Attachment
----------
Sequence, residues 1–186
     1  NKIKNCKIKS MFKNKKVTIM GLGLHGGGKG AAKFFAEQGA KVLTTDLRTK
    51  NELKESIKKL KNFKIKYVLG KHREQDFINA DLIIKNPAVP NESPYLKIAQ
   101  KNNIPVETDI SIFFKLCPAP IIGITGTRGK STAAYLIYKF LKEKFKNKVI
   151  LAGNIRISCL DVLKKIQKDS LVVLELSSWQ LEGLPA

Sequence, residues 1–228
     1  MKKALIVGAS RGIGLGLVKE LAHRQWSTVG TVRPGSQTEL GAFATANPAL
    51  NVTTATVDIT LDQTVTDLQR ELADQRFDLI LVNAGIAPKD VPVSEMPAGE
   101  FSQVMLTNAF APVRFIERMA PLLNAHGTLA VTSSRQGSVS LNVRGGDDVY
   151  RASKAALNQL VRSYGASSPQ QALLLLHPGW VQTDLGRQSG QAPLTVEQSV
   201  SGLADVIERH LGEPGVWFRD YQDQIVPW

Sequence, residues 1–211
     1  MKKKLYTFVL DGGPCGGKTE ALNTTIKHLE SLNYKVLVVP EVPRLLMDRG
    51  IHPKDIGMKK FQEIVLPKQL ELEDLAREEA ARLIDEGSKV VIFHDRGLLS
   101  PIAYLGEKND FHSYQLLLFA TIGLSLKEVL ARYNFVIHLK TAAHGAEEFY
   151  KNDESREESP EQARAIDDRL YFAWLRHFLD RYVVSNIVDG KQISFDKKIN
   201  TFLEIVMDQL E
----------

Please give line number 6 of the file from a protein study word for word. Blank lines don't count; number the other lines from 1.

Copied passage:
Sequence, residues 1–228